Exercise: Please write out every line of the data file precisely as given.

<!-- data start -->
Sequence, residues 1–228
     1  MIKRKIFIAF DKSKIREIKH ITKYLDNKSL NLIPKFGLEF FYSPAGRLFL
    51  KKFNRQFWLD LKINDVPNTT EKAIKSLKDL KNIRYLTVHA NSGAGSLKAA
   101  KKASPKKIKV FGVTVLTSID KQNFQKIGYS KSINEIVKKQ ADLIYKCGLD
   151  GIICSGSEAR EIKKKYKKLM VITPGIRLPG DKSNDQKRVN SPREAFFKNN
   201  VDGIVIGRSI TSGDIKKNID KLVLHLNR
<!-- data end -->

Sequence, residues 1–228
     1  MIKRKIFIAF DKSKIREIKH ITKYLDNKSL NLIPKFGLEF FYSPAGRLFL
    51  KKFNRQFWLD LKINDVPNTT EKAIKSLKDL KNIRYLTVHA NSGAGSLKAA
   101  KKASPKKIKV FGVTVLTSID KQNFQKIGYS KSINEIVKKQ ADLIYKCGLD
   151  GIICSGSEAR EIKKKYKKLM VITPGIRLPG DKSNDQKRVN SPREAFFKNN
   201  VDGIVIGRSI TSGDIKKNID KLVLHLNR